Local-language originals are the focus for most regional players. Korean streaming platform TVING announced is committing more than $360 million (400 Billion South Korean Won) over the next three years to home-grown originals such as Girl’s High School Mystery Class from local hit-maker PD Jeong Jong-yeon (The Genius, The Great Escape) with a goal of becoming the country’s number one platform by 2023. TVNow, the German SVOD service run by leading European broadcaster RTL Group, has invested in high-end dramas including a reboot of royal romanic classic Sisi (think The Crown set in the 19th Century Austrian-Hungarian empire) and Ze Network, a meta espionage comedy starring David Hasselhoff as a version of himself. Beta Film is handling world sales on Sisi while ViacomCBS Global Distribution Group is selling Ze Network worldwide as part of CBS Studios’ first-look international television deal with Berlin-based producers Syrreal Entertainment.
“Last year, despite the pandemic, [RTL’s] production budget for original drama was double what it was a year earlier and this year it will double again,” notes Hauke Bartel, EVP Fiction at RTL. “This is a long-term strategy of investing in original German-language drama.”
Few of the regional streamers are looking to take on Netflix or Amazon directly, but many see an opportunity to carve out a local-language audience by leveraging their entrenched position in traditional broadcasting. Bartel notes that the network of TV and radio channels in the Bertelsmann Content Alliance— owned or in partnership with RTL’s parent company —reach “a total of 99 percent of German households,” giving RTL’s TVNow “incredible” marketing power.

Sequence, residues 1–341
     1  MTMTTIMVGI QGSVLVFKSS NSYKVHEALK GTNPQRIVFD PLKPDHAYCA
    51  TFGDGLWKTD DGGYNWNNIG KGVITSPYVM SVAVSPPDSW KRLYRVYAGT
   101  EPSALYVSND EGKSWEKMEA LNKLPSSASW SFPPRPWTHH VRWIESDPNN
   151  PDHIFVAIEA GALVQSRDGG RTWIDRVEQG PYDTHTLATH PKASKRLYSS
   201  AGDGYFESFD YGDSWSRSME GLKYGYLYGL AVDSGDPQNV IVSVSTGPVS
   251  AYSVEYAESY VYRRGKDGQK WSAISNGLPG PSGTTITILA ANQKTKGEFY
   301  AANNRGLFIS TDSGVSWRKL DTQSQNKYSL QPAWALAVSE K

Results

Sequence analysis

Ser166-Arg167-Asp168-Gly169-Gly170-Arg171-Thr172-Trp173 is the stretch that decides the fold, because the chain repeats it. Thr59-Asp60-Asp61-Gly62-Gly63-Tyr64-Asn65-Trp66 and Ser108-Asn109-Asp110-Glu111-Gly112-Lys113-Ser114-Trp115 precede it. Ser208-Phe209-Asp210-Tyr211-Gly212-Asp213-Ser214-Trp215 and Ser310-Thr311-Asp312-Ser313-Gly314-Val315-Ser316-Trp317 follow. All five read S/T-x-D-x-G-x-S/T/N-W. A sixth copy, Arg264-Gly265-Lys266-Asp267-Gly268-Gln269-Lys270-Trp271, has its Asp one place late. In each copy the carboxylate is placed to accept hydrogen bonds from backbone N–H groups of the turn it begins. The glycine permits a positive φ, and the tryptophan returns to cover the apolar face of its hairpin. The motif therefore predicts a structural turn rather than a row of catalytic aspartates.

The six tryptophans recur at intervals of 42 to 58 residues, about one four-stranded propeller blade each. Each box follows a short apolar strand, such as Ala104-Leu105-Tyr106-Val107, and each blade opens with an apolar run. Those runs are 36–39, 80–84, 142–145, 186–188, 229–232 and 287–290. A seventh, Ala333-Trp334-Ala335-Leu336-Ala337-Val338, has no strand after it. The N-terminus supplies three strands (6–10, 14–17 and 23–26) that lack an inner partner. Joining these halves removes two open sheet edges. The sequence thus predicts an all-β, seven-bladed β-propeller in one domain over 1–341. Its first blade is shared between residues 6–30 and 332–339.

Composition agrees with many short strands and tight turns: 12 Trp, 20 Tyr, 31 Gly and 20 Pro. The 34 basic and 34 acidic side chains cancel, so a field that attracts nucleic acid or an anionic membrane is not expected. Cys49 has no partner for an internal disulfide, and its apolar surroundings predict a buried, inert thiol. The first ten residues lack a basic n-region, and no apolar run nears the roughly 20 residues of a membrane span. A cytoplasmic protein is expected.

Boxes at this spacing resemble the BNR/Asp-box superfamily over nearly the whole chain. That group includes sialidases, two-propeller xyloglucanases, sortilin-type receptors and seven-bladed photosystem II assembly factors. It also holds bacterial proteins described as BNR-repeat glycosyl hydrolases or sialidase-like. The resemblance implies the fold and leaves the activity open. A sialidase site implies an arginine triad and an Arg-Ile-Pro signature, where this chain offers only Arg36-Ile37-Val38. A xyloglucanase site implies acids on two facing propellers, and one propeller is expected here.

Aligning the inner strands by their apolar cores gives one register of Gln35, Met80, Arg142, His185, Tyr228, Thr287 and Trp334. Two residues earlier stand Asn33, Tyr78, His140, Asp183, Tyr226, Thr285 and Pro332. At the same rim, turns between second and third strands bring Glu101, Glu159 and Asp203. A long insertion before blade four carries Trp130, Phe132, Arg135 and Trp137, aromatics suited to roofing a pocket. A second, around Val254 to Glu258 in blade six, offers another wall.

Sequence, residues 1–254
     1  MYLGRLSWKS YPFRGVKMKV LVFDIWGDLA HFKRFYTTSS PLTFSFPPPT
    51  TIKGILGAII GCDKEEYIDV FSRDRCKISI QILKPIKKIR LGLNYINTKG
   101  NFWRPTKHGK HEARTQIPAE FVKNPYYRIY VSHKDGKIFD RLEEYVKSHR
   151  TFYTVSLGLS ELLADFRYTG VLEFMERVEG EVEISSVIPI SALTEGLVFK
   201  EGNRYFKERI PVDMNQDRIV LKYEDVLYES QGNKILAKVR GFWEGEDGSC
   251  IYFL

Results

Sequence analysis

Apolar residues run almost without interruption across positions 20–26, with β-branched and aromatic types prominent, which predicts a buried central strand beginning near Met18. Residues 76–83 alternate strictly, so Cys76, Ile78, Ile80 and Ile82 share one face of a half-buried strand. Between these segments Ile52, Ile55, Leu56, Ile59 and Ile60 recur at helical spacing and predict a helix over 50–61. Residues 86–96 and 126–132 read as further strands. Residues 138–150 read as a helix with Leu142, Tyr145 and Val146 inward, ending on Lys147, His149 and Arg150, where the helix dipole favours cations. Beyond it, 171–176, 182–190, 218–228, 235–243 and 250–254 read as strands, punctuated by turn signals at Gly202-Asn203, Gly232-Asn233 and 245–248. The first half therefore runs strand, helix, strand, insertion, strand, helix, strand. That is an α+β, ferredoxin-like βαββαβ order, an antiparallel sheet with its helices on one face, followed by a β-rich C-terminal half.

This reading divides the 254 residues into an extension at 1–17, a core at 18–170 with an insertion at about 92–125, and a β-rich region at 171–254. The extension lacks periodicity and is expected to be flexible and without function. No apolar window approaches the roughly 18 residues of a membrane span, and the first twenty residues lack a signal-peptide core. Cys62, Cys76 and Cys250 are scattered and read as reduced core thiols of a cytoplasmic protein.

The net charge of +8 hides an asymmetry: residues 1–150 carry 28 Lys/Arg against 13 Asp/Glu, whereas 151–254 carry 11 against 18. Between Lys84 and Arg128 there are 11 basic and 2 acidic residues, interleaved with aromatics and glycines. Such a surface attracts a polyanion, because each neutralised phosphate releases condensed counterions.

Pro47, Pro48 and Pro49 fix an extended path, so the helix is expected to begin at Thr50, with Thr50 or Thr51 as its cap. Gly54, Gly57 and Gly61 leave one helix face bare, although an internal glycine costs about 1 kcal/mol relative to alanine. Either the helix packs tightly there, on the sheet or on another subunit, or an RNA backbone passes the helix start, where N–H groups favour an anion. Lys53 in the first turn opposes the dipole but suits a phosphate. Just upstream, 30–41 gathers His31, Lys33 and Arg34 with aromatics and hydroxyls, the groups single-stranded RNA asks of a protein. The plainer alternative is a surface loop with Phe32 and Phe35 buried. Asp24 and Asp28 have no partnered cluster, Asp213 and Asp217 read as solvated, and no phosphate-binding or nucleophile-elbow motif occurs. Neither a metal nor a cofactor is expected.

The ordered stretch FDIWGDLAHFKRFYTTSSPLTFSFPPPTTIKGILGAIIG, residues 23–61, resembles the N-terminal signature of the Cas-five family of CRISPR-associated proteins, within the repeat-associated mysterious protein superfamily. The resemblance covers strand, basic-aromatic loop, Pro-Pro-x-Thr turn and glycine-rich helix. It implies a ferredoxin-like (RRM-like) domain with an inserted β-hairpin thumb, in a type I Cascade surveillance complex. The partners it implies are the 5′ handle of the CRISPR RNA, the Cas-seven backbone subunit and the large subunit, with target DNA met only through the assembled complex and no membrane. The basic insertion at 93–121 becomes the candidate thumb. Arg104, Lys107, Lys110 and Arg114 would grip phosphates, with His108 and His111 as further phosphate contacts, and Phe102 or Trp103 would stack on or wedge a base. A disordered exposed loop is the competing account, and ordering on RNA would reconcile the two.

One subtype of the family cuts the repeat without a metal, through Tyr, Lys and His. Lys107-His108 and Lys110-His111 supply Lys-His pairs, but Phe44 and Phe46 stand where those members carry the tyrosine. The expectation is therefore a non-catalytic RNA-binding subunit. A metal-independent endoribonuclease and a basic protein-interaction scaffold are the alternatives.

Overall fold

“If we go out with a show, we can make an immediate, major impact. We saw that with [recent TVNow original] Wirecard, which went from zero to number one the day it launched” after a major marketing campaign across Bertelsmann’s networks.
For independent producers, these second-tier and regional streamers can be a lucrative alternative to the global giants, which typically favor buy-out deals that offer little upside to creatives if a show proves a hit.
“A typical global deal with Netflix or Amazon would involve a cost-plus calculation of 10-15 percent above production costs, so your profit margin is capped at that level and you often have to divide that up with your co-production partners. And you still have the same development risks,” says Herbert M. Kloiber of independent production and sales group Night Train Media (NTM). “If you work with regional platforms and sell territory to territory, you can have a much better upside and can hold on to more rights for spin-offs, local versions, remakes, and such.”
Night Train Media has a deal with Nordic Entertainment to develop and produce original series which Viaplay can take for its territories and which NTM will sell to the rest of the world. The first project under the agreement, the psychological crime drama The Box starring Anna Friel (Marcella) from Shades of Blue creator Adi Hasak, is currently shooting in Sweden.
Another opportunity provided by the second-tier streamers is syndication. Alongside their own in-house originals, regional and niche streamers are hungry for second-and third-run rights of hit series to fill their slates.
“There’s a syndication market now for quality shows in every territory,” says Rose Hughes of sales group Keshet International. “A show like Prisoners of War (2009), the Israeli original that inspired Homeland, is pretty old by now, but we are still selling that to streamers in countries around the world.”